Russian hackers are targeting everyone; first Microsoft, now HPE – and there could be more
- Russian hackers target Microsoft and HPE, revealing heightened cyberthreat levels.
- HPE breach by elite hackers exposes critical email system vulnerabilities.
- Cyberattacks on tech firms underscore the urgent need for more robust cybersecurity.
Cyberattacks by Russian hackers have intensified recently, targeting two major technology companies within the same month. Hewlett Packard Enterprise (HPE) disclosed a breach in its cloud-based email systems, perpetrated by the same Russian hacking group implicated in previous Microsoft email account intrusions.
In a securities filing, HPE revealed that the December 12, 2023 incident affected several email accounts in areas including cybersecurity, marketing, and various business sectors. Following the discovery of the breach, HPE engaged external cybersecurity experts to launch an investigation and response, successfully eradicating the malicious activity.
HPE became aware of the intrusion on January 12, as stated in their Securities and Exchange Commission filing. The company suspects the hackers are part of Cozy Bear, a unit of Russia’s SVR foreign intelligence service.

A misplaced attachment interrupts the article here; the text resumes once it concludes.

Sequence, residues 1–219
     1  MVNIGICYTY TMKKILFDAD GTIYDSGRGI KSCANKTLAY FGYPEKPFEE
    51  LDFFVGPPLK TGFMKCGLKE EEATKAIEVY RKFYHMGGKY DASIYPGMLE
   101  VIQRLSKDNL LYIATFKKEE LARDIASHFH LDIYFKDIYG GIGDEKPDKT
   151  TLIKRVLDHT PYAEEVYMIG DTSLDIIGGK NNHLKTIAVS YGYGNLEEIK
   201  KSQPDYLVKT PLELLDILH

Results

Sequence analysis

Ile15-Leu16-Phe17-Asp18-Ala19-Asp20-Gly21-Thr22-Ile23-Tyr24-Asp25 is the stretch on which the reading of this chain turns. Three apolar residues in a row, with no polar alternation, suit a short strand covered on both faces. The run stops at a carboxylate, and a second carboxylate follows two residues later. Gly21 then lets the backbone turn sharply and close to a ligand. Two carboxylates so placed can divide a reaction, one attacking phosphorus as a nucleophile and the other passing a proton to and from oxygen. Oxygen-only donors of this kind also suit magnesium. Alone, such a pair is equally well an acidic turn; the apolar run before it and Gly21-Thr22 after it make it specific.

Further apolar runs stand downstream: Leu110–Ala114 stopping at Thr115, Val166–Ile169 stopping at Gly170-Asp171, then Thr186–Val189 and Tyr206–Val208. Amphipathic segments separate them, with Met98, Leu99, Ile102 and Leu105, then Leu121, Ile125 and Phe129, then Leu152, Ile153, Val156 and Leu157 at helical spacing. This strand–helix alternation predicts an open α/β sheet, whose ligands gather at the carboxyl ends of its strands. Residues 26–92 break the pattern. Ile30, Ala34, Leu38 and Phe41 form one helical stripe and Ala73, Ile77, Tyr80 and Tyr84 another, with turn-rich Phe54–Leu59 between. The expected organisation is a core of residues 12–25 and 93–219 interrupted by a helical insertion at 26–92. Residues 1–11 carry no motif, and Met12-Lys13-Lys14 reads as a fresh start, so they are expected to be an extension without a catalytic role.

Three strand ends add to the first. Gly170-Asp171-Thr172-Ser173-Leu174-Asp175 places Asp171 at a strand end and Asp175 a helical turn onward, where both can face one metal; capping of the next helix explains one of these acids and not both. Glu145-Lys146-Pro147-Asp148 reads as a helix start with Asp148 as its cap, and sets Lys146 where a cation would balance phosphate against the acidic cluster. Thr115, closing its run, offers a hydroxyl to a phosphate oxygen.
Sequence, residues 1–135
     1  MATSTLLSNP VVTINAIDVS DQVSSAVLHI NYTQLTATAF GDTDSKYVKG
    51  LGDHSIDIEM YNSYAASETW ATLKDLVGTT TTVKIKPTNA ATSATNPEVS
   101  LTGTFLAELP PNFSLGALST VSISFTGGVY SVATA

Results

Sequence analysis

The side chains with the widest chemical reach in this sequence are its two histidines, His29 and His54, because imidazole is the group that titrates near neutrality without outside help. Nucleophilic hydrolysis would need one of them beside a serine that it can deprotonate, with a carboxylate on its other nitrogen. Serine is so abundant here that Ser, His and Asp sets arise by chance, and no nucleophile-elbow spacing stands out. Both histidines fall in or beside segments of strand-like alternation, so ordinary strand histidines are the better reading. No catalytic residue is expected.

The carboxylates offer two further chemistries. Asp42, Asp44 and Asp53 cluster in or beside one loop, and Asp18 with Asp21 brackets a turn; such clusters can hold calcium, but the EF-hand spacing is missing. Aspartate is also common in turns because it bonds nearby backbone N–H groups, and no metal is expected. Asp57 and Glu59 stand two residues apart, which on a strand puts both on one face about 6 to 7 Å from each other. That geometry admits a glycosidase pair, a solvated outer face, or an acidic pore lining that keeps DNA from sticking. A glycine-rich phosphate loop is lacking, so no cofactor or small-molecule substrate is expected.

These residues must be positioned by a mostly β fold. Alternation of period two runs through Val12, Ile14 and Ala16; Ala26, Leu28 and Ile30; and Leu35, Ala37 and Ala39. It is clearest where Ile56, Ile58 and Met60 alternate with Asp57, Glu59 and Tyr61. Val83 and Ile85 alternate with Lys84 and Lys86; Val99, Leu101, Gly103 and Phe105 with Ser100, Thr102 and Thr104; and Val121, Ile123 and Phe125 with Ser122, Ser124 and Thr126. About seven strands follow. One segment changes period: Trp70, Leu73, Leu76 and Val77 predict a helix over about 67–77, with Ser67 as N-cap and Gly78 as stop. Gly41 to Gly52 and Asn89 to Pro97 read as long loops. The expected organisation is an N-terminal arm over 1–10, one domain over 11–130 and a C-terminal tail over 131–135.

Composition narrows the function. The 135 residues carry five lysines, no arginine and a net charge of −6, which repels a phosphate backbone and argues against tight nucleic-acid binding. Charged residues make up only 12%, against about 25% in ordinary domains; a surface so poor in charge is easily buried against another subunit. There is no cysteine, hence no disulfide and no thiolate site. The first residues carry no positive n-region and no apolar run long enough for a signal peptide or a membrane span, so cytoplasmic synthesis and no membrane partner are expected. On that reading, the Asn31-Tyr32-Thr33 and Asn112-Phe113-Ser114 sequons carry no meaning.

Cozy Bear: the notorious group behind the attacks
Microsoft, too, experienced a similar breach in its corporate network, reported last week. Originating in late November, this attack compromised accounts of senior executives and staff in cybersecurity and legal departments, with Cozy Bear believed to be responsible.
Cozy Bear is a sophisticated cyber-espionage group with links to Russia’s foreign intelligence service, known by various names like “Midnight Blizzard” and “APT29.” The group, noted for stealthy intelligence-gathering, primarily targets Western governments, IT service providers, and think tanks in the US and Europe. Cozy Bear’s notoriety increased after orchestrating the SolarWinds breach.
HPE’s investigation suggests that the hackers have been accessing and extracting data from certain mailboxes since May 2023. Adam R. Bauer, a spokesperson for HPE, declined to reveal the source of the breach notification. He confirmed that the affected mailboxes were running on Microsoft software. The company is still assessing the full extent of the breach, which appears not to have significantly impacted its operations or financial health. This incident follows a new US Securities and Exchange Commission rule requiring public companies to report breaches that could impact their business promptly.